Sweating the details – Why Speechwriters Need to Pay Attention to Logistics

Murphy’s Law

When Irish Prime Minister Brian Cowan spoke at the White House on St. Patrick’s Day 2009, he started reading President Obama’s remarks. The teleprompter had the wrong speech loaded. Someone screwed up. The speechwriter did not double-check with the teleprompter operator beforehand.

Fact was following fiction.

One episode on the first season of The West Wing opens with speechwriter Sam Seaborn sitting at his desk. He’s composing President Bartlet’s remarks to be delivered later that day at an outside venue in DC. His boss, Toby, warns that the phrase “As I look out over this magnificent vista” won’t work if it rains and the event is moved indoors. Sam swears it won’t rain. Cut to the closing scene where Bartlet is about to speak inside an auditorium (where there is no magnificent vista) since it has, in fact, rained. As the script shows, Sam realizes too late he has not double-checked everything:

We hear Bartlet inside the auditorium. The staff stands watch by the door.

BARTLET [OS] Thank you. Thank you very much. It’s good to see you. Thank you.

Toby and Sam just realized something.


SAM Damn it!

LEO What?

SAM I forgot to do something.

BARTLET [OS] As I look out over this magnificent vista…

Toby looks away in frustration as Sam slams his notebook.

Logistical nightmares

It’s often the logistical minutia that causes irreparable damage to a speech.

I’ll never forget the time I worked with conference organizers in Spain to secure a speaking slot for a senior executive. I was pleased when they agreed she could deliver the opening keynote at an event in Barcelona where 2,000 attendees were expected. Only when the executive had flown from California and was standing onstage in front of 35-40 people did I realize that Friday afternoon was a “soft” opening. Most of the attendees were still traveling and had not registered. The conference really got underway the next morning. My reputation with the executive took much longer to recover.

Independent business writer Michele Hush has learned the hard way that many things can go wrong with a speech. She’s aware that speeches are often an occasional side-job for clients, but a full-time one for her. She frequently finds that she’s the person with the responsibility to check that the logistics are covered. In one case, her client was doing a keynote at a major university, and planned on using two teleprompters. Michele contacted the student in charge and she was assured there would be no problem with this. On checking back a few days before the speech she discovered that no one had reserved the teleprompters. It’s common for event organizers to confuse confidence monitors with teleprompters. Because she took the time to check back, it was still possible to fix the problem.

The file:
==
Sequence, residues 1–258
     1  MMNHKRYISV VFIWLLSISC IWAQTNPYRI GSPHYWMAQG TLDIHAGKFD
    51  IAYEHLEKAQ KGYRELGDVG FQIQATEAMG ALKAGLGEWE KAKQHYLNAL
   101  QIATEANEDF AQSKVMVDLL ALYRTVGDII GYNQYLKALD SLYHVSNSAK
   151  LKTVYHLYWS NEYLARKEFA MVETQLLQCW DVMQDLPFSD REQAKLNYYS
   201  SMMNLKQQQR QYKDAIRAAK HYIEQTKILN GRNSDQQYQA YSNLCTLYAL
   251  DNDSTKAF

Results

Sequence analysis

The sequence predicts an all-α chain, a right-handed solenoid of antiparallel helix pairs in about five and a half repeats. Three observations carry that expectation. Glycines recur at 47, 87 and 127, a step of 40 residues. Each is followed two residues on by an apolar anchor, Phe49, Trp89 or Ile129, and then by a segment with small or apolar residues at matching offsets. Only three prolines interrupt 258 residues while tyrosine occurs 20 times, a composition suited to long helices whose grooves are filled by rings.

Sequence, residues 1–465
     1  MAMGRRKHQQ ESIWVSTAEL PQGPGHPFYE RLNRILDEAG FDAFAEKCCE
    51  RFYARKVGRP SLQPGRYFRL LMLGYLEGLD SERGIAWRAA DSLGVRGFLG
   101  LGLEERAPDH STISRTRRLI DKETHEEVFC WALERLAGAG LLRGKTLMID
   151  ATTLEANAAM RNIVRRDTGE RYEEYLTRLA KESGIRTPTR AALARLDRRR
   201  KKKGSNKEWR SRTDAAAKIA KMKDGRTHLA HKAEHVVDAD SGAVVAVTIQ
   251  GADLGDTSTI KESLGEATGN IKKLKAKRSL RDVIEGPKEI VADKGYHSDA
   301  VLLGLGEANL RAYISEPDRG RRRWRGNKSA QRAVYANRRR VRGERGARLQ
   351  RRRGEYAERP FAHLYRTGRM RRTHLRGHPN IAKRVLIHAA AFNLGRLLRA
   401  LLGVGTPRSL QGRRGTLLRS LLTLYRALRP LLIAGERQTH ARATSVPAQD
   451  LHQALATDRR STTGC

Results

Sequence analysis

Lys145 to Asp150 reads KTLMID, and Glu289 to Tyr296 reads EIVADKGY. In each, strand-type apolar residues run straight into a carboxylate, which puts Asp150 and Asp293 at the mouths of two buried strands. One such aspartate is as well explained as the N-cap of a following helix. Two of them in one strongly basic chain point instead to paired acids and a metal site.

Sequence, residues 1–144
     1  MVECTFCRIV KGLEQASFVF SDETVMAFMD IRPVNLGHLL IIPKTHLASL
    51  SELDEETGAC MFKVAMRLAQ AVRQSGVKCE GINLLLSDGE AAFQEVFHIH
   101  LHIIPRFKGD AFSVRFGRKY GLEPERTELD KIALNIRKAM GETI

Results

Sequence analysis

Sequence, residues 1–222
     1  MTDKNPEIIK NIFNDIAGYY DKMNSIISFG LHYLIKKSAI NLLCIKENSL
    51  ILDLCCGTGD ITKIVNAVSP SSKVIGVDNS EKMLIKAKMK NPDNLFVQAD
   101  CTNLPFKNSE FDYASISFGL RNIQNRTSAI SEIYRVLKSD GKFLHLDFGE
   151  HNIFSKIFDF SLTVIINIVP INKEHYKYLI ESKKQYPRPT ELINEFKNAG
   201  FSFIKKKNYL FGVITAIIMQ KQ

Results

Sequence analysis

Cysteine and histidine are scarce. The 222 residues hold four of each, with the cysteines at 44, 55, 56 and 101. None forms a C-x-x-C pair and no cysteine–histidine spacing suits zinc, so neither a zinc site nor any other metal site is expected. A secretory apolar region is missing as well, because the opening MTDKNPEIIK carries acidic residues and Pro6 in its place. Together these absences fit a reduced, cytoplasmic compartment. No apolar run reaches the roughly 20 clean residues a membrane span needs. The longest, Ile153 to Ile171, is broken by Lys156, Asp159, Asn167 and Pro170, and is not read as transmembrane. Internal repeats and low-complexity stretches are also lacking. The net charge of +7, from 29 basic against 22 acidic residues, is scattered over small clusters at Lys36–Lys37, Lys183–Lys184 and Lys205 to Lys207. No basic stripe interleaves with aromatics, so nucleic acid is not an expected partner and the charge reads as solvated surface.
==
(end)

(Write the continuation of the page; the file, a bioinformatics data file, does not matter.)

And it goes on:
What steps can speechwriters take to mitigate potential disasters?

Best Practices

Peter Faur is a communications consultant who once wrote speeches for Zane Barnes, CEO of Southwestern Bell. Barnes insisted that his speechwriter get up early on the day of a morning speech and check the news to see whether anything had happened overnight that would affect the content. This was in the late ’80s, before instantaneous Internet news. Nothing of consequence ever did happen, but since then, Faur has built that drill into his regime.


ChecklistLaura Hunter, Senior Communications Manager for the Dean’s Office at the University of Chicago Booth School of Business has a checklist that she runs through with conference organizers and event people 1) when given the assignment, 2) two weeks ahead of the assignment and 3) the day before the assignment. Laura says, “Having this triple check inspires confidence in my abilities, so much so that my clients begin to trust me in other areas – judgment, gut, whatever – because they know I’ve got the hard facts down.”

Michele Hush triple-checks the speaker’s position in the schedule, the room size, sightlines, press presence, lighting, miking and a/v arrangements, if relevant.

I rely on a standard three-page logistics form. This includes data on location, date and time of the talk. It includes the speech length, other speakers on the Agenda, audience size and expectations. I also list press and PR contacts and both the event coordinator and A/V contact details. Having a standard template minimizes the chances that something will slip through the cracks.

While you can’t control the weather, remembering to double-check logistical details helps to ensure it’s not raining on your parade before the speaker walks onstage.

[This article was originally published on ragan.com]

2 Comments so far
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Great post. It’s important to remember that the ways to get it right are few and the ways to get it wrong are infinite. It’s absolutely crucial to get to the venue early to make sure everything is working correctly.

Hope you don’t mind a little shameless self promotion. Breaking Murphy’s Law (http://www.breakingmurphyslaw.com) is all about being prepared in order to prevent presentation disaster.


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